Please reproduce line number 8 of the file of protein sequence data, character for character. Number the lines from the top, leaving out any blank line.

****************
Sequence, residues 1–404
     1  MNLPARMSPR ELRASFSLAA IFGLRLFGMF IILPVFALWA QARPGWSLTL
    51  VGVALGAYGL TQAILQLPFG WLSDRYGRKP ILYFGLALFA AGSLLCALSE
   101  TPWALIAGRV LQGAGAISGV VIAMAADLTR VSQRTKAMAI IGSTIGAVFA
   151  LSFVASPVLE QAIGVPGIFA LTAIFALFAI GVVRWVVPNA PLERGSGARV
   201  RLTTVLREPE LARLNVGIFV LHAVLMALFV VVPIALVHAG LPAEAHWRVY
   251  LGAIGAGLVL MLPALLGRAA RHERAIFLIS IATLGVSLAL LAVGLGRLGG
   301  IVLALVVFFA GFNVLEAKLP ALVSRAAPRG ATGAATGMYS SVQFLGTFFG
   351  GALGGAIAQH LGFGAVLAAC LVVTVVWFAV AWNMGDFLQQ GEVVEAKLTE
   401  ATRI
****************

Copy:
   301  IVLALVVFFA GFNVLEAKLP ALVSRAAPRG ATGAATGMYS SVQFLGTFFG